It’s not just that the nose looks like a drinker’s nose, losing definition day by day as my own did when I drank, there’s something about the behavior that rings a bell. I know what it’s like to be a smart, oversexed, silver-tongued, top-of-the-world 40- to 50-year-old with the feeling that it should be working out better than it seems to be, that it should feel better than it does. Especially after a couple of pops the night before, or a half-bottle of white wine on a weekend afternoon. When I first heard about Ms. Lewinsky, the bell that rang in my mind and memory tolled the words “Hangover Hots.” The lack of judgment, the satyrlike instincts, with the pheromones spinning like tiny shooting stars behind the eyeballs, the perpetual semi-tumescence, the “winging it” and risk-taking, and-above all-the terrible taste in partners. Paula Jones. Kathleen Willey. Gennifer Flowers. Alcohol, it is said, has much to answer for, and such names suggest some of what is meant by that.

Booze encourages the last shot at wild and carefree before the old guy in the sheet with the scythe steps out from behind the tree and hangs about the fringes of the garden party. Booze brings its own truth, its own clarity, its own sure sense of how things ought to go. There are drinkers who have all the answers, that’s why they drink, and drinkers who have none, and that’s why they do. I belonged to the first category, and I can’t help wondering whether Mr. Clinton might not as well. And once you board a train of suspicion, you don’t get off until the end of the line, so now I wonder why it is we know so little of the Clintons’ White House-Camp David life, the way we even did of Richard Nixon’s, for Lord’s sakes!

I’m not suggesting that the President has a bottle of Old Mr. Boston 100-proof hidden in the Oval Office, or that he’s doing a homegrown imitation of Boris Yeltsin, but maybe at the close of day, when there’s nothing to distract him, and his evening consists of a bad movie or a TV show, with Hillary glowering and glowing like angry radium in the dark at the other end of the sofa, while he wonders what Jennifer Aniston or Julia Roberts looks like in the buff, and wishes he was Brad Pitt or Benjamin Bratt instead of Mr. Kosovo, well, maybe, just maybe, it’s to J. Daniel rather than M. Albright or A. Greenspan that he turns, and the next morning there’s just enough semi-tumescent desperation in the afterbuzz to prompt a boy to hit on the help. A great many of the world’s ills at any given time can be attributed to the desire of one person to know what another person looks like without any clothes, and nothing intensifies or facilitates that kind of fantasy, or works more efficiently to convert that kind of fantasy into behavioral imperative, than alcohol. Indeed, of the winged creatures who lead us on to ill-judged carnal connection, I’d guess that the Famous Grouse has been more effective than all the cupids ever painted by Titian or Fragonard.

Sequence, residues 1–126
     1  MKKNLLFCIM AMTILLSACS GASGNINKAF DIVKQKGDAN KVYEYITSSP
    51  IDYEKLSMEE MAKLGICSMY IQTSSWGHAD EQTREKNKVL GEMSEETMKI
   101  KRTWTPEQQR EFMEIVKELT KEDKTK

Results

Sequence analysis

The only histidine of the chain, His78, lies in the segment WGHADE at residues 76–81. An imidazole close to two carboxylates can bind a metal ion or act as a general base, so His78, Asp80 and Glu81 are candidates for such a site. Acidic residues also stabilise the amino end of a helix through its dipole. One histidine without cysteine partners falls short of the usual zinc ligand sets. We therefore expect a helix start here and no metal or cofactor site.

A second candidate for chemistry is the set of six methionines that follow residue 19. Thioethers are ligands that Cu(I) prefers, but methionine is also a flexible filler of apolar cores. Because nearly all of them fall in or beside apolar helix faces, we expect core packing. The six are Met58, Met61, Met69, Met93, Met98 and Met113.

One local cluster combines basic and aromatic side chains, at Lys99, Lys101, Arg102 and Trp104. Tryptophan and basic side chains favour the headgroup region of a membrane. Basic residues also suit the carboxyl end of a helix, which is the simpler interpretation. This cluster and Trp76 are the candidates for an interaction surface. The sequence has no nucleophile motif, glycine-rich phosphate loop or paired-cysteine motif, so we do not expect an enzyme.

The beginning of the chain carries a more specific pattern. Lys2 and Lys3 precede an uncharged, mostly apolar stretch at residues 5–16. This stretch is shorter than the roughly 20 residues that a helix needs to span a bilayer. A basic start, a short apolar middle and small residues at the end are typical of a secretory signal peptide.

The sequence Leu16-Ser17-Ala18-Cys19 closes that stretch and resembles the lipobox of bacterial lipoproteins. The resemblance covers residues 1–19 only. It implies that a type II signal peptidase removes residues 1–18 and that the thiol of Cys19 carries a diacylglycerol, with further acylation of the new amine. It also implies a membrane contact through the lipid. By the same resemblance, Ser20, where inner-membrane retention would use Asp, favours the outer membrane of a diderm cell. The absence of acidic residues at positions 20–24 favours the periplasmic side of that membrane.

People who live in glass decanters, or did, probably shouldn’t throw stones. I’m just speculating. If Mr. Clinton drinks, who can blame him? Who can blame any of us? It’s no better out this way, certainly. The President only has one Milosevic to deal with, but we have two Della Feminas, now that Jerry’s whelp Jodi has produced some kind of guidebook laying out the back roads and other “insider” dope. I have to say I do not understand why people who claim to love a place try so hard to ruin it. Is the pull of the Warholian quarter-hour so irresistible? Apparently.

Over in Southampton, the surf in the social teacup is running higher than usual because someone leaked the Beach Club’s list of proposed new members to the New York Post . This is what happens when clubs cease to be clubs and become a kind of socioeconomic trophy or a function of commission or stipendiary relationships between those on the inside and those who want in. It’s sad and stupid and will cause some inconvenience and very likely some social injustice, but emblematic of a value system that holds that what’s yours is mine if I can make a literal or figurative buck on it.

What odd times these are. The British are selling their bullion; Amazon.com Inc. has paid, according to The Wall Street Journal , $250 million in stock for a database-cum-tracking business that in its last fiscal year grossed $500,000 and made a loss. Nothing makes sense. I will cultivate my garden. Artie Gimlet has gone to the Adirondacks. Summer is here. God help us, every one!